Barnase gene inserted in the intron of GUS--a model for controlling transgene flow in host plants. Kuvshinov, V.; Anissimov, A.; and Yahya, B., M. Plant Science, 2004.
abstract   bibtex   
Public concern on possible risk of transgene flow from GM plants calls for development of reliable molecular techniques to control transgene escape from target plant into the natural and cultural environment. Reliability of the molecular systems controlling the transgene flow can however, be affected by potential rearrangements of genomic DNA. To address this problem, we introduce here an enhanced reliability Recoverable Block of Function (RBF) system where the blocking construct is inserted in a large artificial intron of a transgene of interest. This arrangement minimizes chances of transgene escape by increasing the genetic linkage between the lethal blocking gene and the gene of interest. We used barnase gene as a model of the blocking gene and GUS gene as a model of the transgene of interest. Blocking construct was inseparably linked to the transgene of interest by optimizing the coding sequence and polyadenylation signal of barnase for a high AT content and placing it in the artificial second intron of the GUS gene in such way that the transcription of GUS and barnase proceeds in opposite directions. Expression of barnase is regulated by the embryo specific cysteine endopeptidase promoter placed outside the third exon of GUS. The artificially designed splicing and polyadenylation signals were precisely recognized by the plant mRNA processing machinery. Expression levels and biological activities of both the genes matched the levels of respective native genes. Simultaneous expression of barnase and GUS led to silencing of the genes, possibly due to dsRNA formation. We suggest that the silencing effect can be avoided by placing the blocking gene and the transgene of interest in same orientation and using a mutual polyadenylation signal for the blocking gene and the transgene of interest. We have demonstrated here that it is possible to develop an artificial intron encoding another functional gene that is unknown in natural plant genome.
@article{
 title = {Barnase gene inserted in the intron of GUS--a model for controlling transgene flow in host plants},
 type = {article},
 year = {2004},
 keywords = {GUS,barnase,gene confinement},
 volume = {In Press, },
 websites = {http://www.sciencedirect.com/science/article/B6TBH-4C6KKHX-4/2/588fd0d5645b96e877768f3f85a16d5f},
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 last_modified = {2012-01-05T13:14:27.000Z},
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 source_type = {Journal Article},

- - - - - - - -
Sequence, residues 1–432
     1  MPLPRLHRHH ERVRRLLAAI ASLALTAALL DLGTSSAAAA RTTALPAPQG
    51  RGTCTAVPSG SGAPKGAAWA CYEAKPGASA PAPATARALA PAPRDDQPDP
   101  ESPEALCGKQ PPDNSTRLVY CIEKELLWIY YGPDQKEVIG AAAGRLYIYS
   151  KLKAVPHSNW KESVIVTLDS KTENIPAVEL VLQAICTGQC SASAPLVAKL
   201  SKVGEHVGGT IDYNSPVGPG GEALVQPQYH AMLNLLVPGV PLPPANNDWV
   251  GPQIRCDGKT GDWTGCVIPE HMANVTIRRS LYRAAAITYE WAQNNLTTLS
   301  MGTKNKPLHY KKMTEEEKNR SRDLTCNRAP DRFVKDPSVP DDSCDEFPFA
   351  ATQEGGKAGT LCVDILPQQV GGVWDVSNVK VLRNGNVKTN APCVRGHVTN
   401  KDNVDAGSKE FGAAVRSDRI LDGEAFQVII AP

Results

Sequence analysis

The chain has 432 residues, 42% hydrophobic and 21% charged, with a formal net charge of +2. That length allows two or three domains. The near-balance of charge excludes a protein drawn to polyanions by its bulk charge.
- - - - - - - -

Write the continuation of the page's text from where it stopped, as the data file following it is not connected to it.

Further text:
abstract = {Public concern on possible risk of transgene flow from GM plants calls for development of reliable molecular techniques to control transgene escape from target plant into the natural and cultural environment. Reliability of the molecular systems controlling the transgene flow can however, be affected by potential rearrangements of genomic DNA. To address this problem, we introduce here an enhanced reliability Recoverable Block of Function (RBF) system where the blocking construct is inserted in a large artificial intron of a transgene of interest. This arrangement minimizes chances of transgene escape by increasing the genetic linkage between the lethal blocking gene and the gene of interest. We used barnase gene as a model of the blocking gene and GUS gene as a model of the transgene of interest. Blocking construct was inseparably linked to the transgene of interest by optimizing the coding sequence and polyadenylation signal of barnase for a high AT content and placing it in the artificial second intron of the GUS gene in such way that the transcription of GUS and barnase proceeds in opposite directions. Expression of barnase is regulated by the embryo specific cysteine endopeptidase promoter placed outside the third exon of GUS. The artificially designed splicing and polyadenylation signals were precisely recognized by the plant mRNA processing machinery. Expression levels and biological activities of both the genes matched the levels of respective native genes. Simultaneous expression of barnase and GUS led to silencing of the genes, possibly due to dsRNA formation. We suggest that the silencing effect can be avoided by placing the blocking gene and the transgene of interest in same orientation and using a mutual polyadenylation signal for the blocking gene and the transgene of interest. We have demonstrated here that it is possible to develop an artificial intron encoding another functional gene that is unknown in natural plant genome.},
 bibtype = {article},
 author = {Kuvshinov, Viktor and Anissimov, Andrei and Yahya, Bukhari M},
 journal = {Plant Science}
}
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